The test berth is part of a massive effort to move wave energy out of the lab and onto the electrical power grid. Through a new Energy Department-funded national marine renewable energy center, researchers from all over the country will have the chance to refine their inventions in the WESRF energy lab, test them in the Hinsdale wave flume and perfect them in the ocean. “This is what we need to do to fully explore wave energy as part of a renewable energy portfolio, for the state, the nation and the world,” von Jouanne says.

Boehlert and others say that even if wave energy has some local environmental impacts, it would likely be far less harmful than coal- and oil-fired power plants. “The effects of continuing to pump carbon into the atmosphere could be much worse for marine life than buoys bobbing in the waves,” he says. “We want ocean energy to work.”

Von Jouanne recently towed her best-performing buoy—her 11th prototype—out through Yaquina Bay and one and a half miles offshore. The buoy, which resembles a giant yellow flying saucer with a black tube sticking through the middle, was anchored in 140 feet of water. For five days it rose and fell with swells and generated around 10 kilowatts of power. In the next two to three years, Columbia Power Technologies, a renewable energy company that has supported von Jouanne’s research, plans to install a buoy generating between 100 and 500 kilowatts of electricity in the test berth off the coast of Oregon. See video of the device here.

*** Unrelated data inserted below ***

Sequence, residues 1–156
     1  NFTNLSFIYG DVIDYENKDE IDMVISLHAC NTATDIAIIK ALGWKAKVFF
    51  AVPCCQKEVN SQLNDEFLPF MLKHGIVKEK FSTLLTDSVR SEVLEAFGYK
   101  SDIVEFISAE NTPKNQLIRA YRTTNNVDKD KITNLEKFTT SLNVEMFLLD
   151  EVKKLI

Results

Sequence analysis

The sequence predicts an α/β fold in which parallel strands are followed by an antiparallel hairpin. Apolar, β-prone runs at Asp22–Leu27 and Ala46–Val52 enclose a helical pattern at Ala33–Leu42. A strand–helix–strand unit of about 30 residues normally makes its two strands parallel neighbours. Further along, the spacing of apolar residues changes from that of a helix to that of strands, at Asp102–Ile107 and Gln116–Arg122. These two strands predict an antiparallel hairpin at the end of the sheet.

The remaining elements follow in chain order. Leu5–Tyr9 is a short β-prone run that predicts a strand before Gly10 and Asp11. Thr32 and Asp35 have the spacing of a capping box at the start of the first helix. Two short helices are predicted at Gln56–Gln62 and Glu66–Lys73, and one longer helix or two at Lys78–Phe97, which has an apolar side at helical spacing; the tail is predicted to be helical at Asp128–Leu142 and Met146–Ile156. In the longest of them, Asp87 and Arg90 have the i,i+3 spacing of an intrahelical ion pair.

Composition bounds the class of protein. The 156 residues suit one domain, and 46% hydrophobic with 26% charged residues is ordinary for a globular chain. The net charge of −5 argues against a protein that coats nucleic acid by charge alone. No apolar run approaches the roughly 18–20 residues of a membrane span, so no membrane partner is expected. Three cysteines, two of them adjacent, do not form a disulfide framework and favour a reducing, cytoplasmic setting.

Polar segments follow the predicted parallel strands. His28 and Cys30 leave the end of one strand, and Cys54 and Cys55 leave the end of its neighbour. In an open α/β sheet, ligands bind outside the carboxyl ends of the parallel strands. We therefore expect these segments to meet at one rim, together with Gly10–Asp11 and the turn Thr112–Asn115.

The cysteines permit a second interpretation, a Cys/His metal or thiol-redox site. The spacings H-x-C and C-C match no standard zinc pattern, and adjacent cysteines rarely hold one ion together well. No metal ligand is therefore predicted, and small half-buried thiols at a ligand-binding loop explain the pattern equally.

“A few years ago,” Cox says of von Jouanne, “she was working on a shoestring. Now she has government getting behind her work and companies knocking at her door. That’s incredibly fast advancement that bodes well for the future of wave energy.”

Another of Von Jouanne’s inventions, the first of its kind, is a machine that tests wave energy converters without having to get them wet. A prototype buoy is secured inside a metal carriage that mimics the up-and-down motion of ocean waves. Electrical equipment monitors the power the buoy generates. The test bed looks like an elevator car in the middle of her lab.

Wave energy researchers from other institutions will be welcome to use von Jouanne’s test bed, but at the moment, it holds one of her own energy-converter buoys. A student sitting at a nearby computer commands the device to simulate waves 1 meter high traveling 0.6 meters per second with 6-second intervals between wave peaks.

“That’s a small summer wave,” von Jouanne says.

The machine hums, lurches and heaves like an amusement park ride.

As the buoy moves up and down, a gauge registers the juice it produces. The needle moves. One kilowatt, two, then three.

“That’s enough to power two houses,” says von Jouanne.